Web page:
ATLAS SOUND at Lee's Palace, Tuesday, March 6. Rating: NNNN
On the afternoon of Tuesday's concert for his solo project, Atlas Sound, Bradford Cox was in the headlines.
Not for selling out Lee's Palace, or for his recent release Parallax. But the 29-year-old singer and guitarist was in meme territory for performing an hour-long rendition of The Knack's obnoxious 1979 hit My Sharona in response to a fan request in Minneapolis.
Not your ordinary buzz.
Despite a few (weak) attempts at coaxing the crazy out by the gravelly-voiced bro element in the audience, the mood throughout his two-hour set was more casual than chaotic - polite, even.
Cox, who is also the lead singer and guitarist for Atlanta psych rock group Deerhunter, is on tour in support of Parallax, his third album as Atlas Sound. Released last year, it's sprightly and strum-y four-chord pop tunes drew critical praise as being his most accessible work to date. On stage, however, he uses all manner of loops and effects to elongate and distort those memorable melodies.
The song extensions are partially functional: Cox performs alone so he takes his time looping and layering guitar parts, reverbed vocals and occasionally bass and drum parts, into a swelling crescendo of noise, effectively becoming a one-man wall of sound.
Dressed in a bright orange pants and a loose, black-and-white flannel shirt, he said little during the show's first hour. Seemingly relaxed, Cox is like a musical Jekyl and Hyde that goes from genteel troubadour to sonic assault in a few seemingly simple pushes of a pedal.
During opener Parallax, he surrounded the song's bouncy acoustic guitar riff with a reverberating drone that evolved gracefully into intense waves of distortion. For the romantic Te Amo, he layered a series of increasingly scratchy acoustic guitar loops with bass and drum parts. As he belted out aching, heartfelt lyrics, he gradually transformed his high-pitched wail into a screeching echo.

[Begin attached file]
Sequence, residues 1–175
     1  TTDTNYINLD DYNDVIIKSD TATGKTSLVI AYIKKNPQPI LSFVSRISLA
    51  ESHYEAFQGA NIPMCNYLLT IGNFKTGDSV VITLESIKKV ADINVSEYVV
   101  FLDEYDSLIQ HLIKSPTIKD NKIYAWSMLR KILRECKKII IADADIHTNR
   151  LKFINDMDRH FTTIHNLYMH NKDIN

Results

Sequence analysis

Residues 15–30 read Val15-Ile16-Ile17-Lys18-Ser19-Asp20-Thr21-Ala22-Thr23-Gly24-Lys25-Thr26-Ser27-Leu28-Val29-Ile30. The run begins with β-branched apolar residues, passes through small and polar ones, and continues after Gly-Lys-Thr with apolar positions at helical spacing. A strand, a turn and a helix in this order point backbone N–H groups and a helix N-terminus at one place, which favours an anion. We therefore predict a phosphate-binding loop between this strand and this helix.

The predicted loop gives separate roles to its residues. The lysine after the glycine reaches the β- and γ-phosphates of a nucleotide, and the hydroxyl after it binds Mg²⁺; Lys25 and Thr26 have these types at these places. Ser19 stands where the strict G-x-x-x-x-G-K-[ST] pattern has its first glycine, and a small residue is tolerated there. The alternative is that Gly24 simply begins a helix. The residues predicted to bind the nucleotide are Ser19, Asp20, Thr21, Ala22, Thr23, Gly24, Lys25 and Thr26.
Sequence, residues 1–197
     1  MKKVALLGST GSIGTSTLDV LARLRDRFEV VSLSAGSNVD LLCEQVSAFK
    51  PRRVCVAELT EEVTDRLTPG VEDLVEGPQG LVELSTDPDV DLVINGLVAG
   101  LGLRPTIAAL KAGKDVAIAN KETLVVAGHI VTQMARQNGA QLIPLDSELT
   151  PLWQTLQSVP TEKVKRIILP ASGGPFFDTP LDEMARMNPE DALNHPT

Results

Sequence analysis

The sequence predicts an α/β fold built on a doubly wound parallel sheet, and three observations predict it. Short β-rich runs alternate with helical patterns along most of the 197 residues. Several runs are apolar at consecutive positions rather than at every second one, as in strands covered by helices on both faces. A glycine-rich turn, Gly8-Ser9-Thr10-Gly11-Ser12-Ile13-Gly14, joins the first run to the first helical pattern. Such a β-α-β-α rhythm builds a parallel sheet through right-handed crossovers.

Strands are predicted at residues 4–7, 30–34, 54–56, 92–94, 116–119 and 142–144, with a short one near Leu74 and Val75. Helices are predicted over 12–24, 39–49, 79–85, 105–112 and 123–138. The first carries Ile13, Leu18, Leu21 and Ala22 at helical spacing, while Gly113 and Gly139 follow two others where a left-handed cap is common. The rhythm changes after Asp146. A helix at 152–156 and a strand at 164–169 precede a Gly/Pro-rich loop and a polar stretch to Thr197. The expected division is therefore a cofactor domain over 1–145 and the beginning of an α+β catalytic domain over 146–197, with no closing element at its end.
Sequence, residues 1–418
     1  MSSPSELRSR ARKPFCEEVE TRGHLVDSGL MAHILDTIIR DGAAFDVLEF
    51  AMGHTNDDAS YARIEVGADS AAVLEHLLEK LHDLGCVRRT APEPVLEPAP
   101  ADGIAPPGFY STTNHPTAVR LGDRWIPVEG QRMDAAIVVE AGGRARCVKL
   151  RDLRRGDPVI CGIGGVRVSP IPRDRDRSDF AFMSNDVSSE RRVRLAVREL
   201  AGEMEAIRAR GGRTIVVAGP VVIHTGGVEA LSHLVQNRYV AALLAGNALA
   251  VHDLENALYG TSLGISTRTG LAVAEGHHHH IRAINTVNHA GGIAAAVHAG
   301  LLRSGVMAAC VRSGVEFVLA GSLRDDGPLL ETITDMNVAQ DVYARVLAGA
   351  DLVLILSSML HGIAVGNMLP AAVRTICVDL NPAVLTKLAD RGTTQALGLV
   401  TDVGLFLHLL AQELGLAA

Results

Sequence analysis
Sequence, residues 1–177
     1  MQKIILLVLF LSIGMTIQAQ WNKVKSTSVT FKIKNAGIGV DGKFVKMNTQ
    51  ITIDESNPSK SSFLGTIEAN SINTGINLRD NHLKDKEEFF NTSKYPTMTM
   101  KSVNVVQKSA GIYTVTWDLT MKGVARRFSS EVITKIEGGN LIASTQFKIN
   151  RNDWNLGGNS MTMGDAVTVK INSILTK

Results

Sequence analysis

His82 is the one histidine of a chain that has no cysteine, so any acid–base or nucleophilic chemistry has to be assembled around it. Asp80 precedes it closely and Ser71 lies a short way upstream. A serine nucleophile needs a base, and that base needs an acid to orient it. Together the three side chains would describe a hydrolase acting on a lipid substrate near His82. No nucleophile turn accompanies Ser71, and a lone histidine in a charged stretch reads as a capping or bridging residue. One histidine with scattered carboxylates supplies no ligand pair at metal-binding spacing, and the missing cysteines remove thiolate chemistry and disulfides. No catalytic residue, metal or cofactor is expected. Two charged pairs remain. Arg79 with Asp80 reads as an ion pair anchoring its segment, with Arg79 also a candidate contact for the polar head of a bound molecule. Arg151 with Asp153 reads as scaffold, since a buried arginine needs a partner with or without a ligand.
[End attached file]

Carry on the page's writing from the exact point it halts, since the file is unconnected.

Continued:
Other times, he'd cultivate a squalling noise, end it abruptly and then perform acoustically, drawing more attention to his creaking enunciations and unexpected emphasis as he did with Parallax's most hummable tune, Mona Lisa.
During a guitar changeover an hour into the set, he broke the silence to thank the audience for attending. "It means a lot of me," he said. As the guitar tech took his time, gratitude morphed into rambling and the audience did it's best to inspire Cox's improvisational chops.
"This is the break where I talk and make an ass out of myself and negate all the music," he said, dryly.
The heckling was equally dry. "I like your last article," one person yelled, mystifyingly. Cox responded with a rant about Internet infamy. The next person complimented one of his previous albums.
"This is really polite and genuine and not usually what happens during these awkward moments," he observed. "I wonder if this'll get a headline: ‘Broken Guitar String Results In Train Wreck.' Click click cluck cluck."
For the set's final song, he played lilting, spacey ballad Terra Incognita and dedicated it to Trish Keenan, the late singer from British group Broadcast, with whom he toured three years ago. When he returned for an encore, the audience finally got a rise out of him.
"Dance!" a man in front commanded. This resulted in a mock "Are you ready to party?!?" routine that somehow became a parody of hetero-normative lifestyle. "Are you ready to dance? Maybe you'll get laid! Maybe you'll get pregnant!" he snarled. "And get an abortion. Or keep the baby and get a mortgage."
This stream-of-conscious rant eventually culminated in pounding drums, distorted moaning and grunting and amorphous squall of noise. Suddenly, it ended and Cox proceeded to gently fingerpick the final bars of his song Flagstaff on his acoustic guitar. Inside the noise punk is a pop crooner yearning to get out - or vice versa.